According to an official statement, SpaceX’s satellite mass production is “well underway” and the first batch of operational Starlink satellites are already in Florida for their May 2019 launch debut.
Simultaneously, the FCC has granted SpaceX’s request to modify the deployment of its first 1584 Starlink satellites, permitting the company to lower their orbit from approximately 1150 km to 550 km (715 mi to 340 mi). A lower insertion orbit should improve Falcon 9’s maximum Starlink payload, while the lower operational orbit will help to further minimize any risk posed by orbital debris that could be generated by failed SpaceX satellites.
Above all else, SpaceX’s confirmation that the first batch of Starlink satellites are already in Florida drives home the reality that the company’s internet satellite constellation is about to become very real. Said constellation has long been the subject of endless skepticism and criticism, dominated by a general atmosphere of dismissal. There is no doubt that Starlink, as proposed, is an extraordinarily ambitious program that will cost billions of dollars to even begin to realize. SpaceX will have to find ways to affordably manufacture and launch ~11,900 satellites – together weighing something like 500 metric tons (1.1 million lbs) – in as few as nine years, start to finish.
As of November 2018, there are roughly 2000 satellites operating in Earth orbit, meaning that SpaceX’s full Starlink constellation would increase the number of functional satellites in orbit by a factor of almost seven. Just the first phase of Starlink (4409 satellites) would more than triple the number of working satellites in orbit. To meet the contractual requirement that SpaceX launch at least half of Starlink’s licensed satellites within six years of the FCC granting the constellation license, the company will need to launch an average of ~37 satellites per month between now and April 2024. By April 2027, SpaceX will either have to launch all ~2200 remaining Phase 1 satellites or risk forfeiture of its Starlink constellation license. Same goes for the ~7500 very low Earth orbit (VLEO) satellites making up Starlink’s second phase, albeit with their launch deadlines instead in November of 2024 and 2027.
In fact, if SpaceX wants to preserve the separate FCC license for its VLEO Starlink segment, it will actually need to build and launch an average of 100 satellites per month – 20+ per week – for the next five years. In no way, shape, or form is the monthly production of 100 complex pieces of machinery unprecedented. It is, however, entirely unprecedented – and by a factor of no less than 10 – in the spaceflight and satellite industries. Accomplishing that feat will require numerous paradigm shifts in satellite design, manufacturing, and operations. It’s hard to think of anyone more up to the challenge than SpaceX but it will still be an immensely difficult and expensive undertaking.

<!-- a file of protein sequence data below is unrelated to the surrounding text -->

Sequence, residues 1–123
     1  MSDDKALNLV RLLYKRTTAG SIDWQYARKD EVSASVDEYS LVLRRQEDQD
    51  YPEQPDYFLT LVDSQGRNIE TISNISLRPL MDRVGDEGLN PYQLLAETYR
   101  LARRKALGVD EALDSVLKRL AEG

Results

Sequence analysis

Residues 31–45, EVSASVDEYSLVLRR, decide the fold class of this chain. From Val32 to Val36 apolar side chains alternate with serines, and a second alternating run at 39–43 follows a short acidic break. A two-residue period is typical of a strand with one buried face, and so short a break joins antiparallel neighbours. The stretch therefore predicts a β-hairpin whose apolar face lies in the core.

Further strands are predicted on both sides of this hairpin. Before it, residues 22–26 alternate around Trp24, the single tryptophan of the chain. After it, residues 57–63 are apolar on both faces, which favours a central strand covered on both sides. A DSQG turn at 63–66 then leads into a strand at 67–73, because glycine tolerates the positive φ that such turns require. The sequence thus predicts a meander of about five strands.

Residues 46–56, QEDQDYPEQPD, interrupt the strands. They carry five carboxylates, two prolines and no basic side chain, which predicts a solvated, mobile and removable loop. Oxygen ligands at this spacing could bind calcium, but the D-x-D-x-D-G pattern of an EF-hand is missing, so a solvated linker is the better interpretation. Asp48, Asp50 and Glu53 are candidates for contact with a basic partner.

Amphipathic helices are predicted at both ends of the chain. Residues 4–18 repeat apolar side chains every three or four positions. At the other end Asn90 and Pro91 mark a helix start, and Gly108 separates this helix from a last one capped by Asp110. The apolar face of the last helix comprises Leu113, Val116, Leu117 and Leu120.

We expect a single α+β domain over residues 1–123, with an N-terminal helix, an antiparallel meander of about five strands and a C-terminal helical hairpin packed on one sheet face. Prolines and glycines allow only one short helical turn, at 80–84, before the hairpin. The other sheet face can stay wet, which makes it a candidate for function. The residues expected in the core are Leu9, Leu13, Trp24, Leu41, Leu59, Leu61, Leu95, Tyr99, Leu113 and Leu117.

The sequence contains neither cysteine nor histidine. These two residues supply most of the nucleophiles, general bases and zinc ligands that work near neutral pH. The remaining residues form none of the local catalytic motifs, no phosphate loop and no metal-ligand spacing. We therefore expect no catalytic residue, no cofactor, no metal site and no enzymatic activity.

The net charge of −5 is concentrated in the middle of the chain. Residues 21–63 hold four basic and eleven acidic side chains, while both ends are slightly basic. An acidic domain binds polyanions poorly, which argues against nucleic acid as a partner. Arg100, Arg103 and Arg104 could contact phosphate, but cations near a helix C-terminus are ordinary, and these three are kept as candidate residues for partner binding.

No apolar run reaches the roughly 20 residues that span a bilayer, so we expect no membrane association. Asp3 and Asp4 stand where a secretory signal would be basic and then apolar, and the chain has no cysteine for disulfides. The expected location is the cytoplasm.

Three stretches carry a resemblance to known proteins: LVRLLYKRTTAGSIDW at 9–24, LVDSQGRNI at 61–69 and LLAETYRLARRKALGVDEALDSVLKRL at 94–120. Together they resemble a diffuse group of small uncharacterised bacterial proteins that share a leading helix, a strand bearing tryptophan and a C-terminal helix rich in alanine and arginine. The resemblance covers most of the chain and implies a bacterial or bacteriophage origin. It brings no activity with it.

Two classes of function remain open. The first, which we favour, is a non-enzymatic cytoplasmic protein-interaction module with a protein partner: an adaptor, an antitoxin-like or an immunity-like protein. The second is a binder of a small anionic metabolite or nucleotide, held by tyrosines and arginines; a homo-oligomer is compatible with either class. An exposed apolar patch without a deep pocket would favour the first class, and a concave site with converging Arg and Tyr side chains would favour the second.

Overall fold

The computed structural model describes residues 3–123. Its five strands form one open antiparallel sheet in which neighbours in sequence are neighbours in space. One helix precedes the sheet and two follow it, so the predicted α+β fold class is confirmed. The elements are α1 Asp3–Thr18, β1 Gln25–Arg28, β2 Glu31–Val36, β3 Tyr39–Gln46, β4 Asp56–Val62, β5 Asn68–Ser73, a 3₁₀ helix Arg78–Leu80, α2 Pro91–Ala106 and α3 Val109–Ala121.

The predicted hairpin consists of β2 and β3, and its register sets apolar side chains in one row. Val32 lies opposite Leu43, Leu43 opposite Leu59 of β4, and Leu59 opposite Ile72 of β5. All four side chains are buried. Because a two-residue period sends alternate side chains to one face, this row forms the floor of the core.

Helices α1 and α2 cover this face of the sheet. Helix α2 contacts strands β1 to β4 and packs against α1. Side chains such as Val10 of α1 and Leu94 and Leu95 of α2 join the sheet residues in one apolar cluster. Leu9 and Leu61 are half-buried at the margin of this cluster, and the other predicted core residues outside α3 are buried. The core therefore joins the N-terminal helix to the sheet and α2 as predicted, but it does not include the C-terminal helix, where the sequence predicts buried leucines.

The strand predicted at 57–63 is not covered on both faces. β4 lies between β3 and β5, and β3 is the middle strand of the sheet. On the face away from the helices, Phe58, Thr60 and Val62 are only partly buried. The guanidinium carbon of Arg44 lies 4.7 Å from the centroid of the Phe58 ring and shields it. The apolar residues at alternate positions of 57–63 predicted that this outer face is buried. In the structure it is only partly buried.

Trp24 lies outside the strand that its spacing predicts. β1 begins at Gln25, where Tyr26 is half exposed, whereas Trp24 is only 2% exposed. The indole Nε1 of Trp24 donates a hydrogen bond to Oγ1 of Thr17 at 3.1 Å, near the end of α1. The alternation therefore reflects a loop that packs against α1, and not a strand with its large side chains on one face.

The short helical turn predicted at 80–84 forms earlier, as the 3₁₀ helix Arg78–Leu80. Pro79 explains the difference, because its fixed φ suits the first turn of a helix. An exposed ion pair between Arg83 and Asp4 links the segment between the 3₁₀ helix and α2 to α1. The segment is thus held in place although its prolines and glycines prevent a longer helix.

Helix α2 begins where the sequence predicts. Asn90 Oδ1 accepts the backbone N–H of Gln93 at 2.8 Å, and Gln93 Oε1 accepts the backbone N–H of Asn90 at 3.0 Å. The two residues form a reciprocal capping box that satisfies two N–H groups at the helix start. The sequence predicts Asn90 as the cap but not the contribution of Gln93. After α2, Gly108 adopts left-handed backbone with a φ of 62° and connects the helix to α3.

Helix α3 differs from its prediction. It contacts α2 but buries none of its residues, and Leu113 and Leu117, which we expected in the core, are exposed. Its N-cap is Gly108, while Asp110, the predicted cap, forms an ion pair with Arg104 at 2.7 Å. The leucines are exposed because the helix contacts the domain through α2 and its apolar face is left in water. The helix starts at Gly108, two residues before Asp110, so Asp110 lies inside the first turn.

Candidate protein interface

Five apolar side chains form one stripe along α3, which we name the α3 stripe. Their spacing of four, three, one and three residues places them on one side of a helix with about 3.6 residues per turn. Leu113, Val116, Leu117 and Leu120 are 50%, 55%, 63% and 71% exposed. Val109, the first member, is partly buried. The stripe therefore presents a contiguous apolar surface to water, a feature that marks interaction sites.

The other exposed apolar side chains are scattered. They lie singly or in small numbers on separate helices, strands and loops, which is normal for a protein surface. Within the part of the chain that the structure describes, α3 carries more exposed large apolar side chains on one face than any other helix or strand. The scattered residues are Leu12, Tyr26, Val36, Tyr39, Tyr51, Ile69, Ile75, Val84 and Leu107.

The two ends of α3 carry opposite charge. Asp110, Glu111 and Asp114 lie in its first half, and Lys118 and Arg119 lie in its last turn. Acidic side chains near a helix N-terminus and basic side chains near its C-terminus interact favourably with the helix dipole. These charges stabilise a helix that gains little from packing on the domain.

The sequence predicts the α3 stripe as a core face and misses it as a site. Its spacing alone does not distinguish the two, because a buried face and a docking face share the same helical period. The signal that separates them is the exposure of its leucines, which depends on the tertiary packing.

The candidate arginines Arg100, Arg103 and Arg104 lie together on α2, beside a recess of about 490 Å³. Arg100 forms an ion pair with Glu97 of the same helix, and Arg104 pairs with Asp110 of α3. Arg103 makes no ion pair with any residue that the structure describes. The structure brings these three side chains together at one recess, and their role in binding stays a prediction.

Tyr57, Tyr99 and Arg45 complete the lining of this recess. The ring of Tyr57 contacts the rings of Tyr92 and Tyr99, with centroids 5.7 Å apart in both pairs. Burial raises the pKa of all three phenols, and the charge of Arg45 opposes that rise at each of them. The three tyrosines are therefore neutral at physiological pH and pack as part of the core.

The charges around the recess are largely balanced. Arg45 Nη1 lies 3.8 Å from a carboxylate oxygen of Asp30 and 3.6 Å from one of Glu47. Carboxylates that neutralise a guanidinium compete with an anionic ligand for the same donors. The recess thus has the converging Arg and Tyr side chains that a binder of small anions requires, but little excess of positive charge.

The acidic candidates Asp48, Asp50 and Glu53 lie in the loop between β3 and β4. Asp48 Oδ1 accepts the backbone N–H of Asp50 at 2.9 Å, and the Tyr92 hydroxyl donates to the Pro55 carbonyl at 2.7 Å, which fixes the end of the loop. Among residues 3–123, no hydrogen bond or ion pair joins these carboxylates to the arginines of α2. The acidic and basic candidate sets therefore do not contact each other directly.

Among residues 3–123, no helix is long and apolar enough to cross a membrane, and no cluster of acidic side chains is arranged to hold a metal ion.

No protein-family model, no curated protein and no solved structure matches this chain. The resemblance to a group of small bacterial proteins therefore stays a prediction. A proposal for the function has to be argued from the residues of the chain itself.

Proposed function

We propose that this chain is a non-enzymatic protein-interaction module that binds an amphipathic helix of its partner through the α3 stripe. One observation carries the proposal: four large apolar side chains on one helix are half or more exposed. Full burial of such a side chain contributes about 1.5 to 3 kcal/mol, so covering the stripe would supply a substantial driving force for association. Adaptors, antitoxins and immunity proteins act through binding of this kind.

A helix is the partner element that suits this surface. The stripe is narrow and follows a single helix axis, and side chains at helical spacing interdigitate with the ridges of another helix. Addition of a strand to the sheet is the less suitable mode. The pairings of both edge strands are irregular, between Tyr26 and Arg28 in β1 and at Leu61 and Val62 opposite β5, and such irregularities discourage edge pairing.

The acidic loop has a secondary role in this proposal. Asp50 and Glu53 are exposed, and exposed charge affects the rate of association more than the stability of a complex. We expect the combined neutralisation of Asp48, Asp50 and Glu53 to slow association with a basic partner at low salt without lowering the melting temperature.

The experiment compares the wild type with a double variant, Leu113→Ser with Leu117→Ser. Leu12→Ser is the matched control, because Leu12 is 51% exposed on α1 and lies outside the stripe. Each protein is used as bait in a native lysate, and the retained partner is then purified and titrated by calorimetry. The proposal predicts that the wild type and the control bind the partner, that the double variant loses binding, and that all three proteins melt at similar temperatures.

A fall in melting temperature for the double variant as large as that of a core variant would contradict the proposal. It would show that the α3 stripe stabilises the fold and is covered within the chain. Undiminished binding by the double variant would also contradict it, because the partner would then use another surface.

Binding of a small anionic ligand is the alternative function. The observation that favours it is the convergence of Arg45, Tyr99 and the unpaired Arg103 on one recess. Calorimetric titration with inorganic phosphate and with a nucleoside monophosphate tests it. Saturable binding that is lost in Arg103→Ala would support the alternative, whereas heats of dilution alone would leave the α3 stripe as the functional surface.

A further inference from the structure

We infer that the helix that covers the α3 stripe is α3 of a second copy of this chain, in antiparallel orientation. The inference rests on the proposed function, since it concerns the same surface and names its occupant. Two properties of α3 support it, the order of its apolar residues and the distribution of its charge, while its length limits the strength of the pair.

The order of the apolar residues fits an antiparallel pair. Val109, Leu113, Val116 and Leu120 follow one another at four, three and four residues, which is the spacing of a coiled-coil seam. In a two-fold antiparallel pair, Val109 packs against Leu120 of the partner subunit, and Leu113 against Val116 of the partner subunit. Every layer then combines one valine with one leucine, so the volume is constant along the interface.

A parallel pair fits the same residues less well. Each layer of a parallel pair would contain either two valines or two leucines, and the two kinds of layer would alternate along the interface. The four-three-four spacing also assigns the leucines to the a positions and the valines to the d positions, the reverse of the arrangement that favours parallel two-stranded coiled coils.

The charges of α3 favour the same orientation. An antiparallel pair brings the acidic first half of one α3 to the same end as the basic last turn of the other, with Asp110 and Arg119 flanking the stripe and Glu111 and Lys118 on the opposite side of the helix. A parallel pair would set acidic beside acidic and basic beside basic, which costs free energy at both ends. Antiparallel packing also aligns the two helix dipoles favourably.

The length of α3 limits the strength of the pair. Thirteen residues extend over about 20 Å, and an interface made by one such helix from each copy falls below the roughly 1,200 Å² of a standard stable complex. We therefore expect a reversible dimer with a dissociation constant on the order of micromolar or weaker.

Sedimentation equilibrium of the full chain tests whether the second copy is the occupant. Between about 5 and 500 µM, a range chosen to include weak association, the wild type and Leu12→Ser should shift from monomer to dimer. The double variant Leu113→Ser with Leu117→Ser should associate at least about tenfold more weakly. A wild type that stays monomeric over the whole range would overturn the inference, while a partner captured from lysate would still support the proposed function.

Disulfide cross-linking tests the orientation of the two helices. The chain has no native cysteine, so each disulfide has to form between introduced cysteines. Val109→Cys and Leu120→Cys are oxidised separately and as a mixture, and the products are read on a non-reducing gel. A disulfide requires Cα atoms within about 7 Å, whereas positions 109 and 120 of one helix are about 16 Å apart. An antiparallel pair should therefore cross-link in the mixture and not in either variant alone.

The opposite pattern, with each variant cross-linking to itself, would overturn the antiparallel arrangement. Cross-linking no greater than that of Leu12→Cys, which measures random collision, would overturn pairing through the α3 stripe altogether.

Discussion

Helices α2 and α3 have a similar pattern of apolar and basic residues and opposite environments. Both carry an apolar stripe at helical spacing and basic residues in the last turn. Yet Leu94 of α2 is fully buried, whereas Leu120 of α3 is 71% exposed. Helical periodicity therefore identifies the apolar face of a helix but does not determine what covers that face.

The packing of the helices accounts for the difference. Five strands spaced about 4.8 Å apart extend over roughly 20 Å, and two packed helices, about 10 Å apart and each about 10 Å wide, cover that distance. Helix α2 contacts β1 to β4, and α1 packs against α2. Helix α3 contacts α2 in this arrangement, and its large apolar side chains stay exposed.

According to SpaceX, the first 75 operational Starlink satellites will be significantly less refined than those that will follow. Most notably, they will eschew dual-band (Ku and Ka) phased array antennas, instead relying solely on Ka-band communications. The second main difference between relates to “demisability”, referring to characteristics exhibited during reentry. The first 75 spacecraft will be less refined and thus feature a handful of components that are expected to survive the rigors of reentering Earth’s atmosphere, creating a truly miniscule risk of property damage and/or human injuries. Subsequent Starlink vehicles will incorporate design changes to ensure that 100% of each satellite is incinerated during reentry, thus posing a ~0% risk on the ground.
In a sense, the first 75 Starlink satellites will be an in-depth demonstration of SpaceX’s proposed constellation. Depending on how the satellites are deployed in orbit, SpaceX’s development team could potentially have uninterrupted access to the orbiting mini-constellation. There will also be constant opportunities to thoroughly test SpaceX’s network architecture for real, including general downlink/uplink traffic, surge management, satellite handoffs, and the laser interlinks meant to join all Starlink satellites into one giant mesh network.
SpaceX has yet to announce the precise number of Starlink satellites that will be aboard Falcon 9 on the rocket’s first dedicated internal launch. More likely than not, the constraining factor will be the usable volume of SpaceX’s payload fairing, measuring 5.2m (17 ft) in diameter. For Flight 1, 10-20 satellites is a reasonable estimate. Likely to weigh around 10,000 kg (22,000 lb) total, the first Starlink payload will be delivered to a parking orbit of ~350 km (220 mi), easily allowing Falcon 9 to return to SpaceX’s Florida Landing Zone or perform a gentle landing aboard drone ship Of Course I Still Love You (OCISLY). The satellites will use their own electric Hall thrusters to reach their final destination (550 km).
According to SpaceX CEO Elon Musk, the first Falcon 9 fairing reuse may also happen during an internal Starlink launch, although it’s unclear if he was referring to Starlink Launch 1 (Starlink-1) or a follow-up mission later this year.
For now, SpaceX is targeting a mid-May for its first dedicated Starlink mission, set to launch from Launch Complex 40 (LC-40). Up next for LC-40 is SpaceX’s 17th operational Cargo Dragon launch (CRS-17), delayed from April 26th and April 30th to May 3rd.
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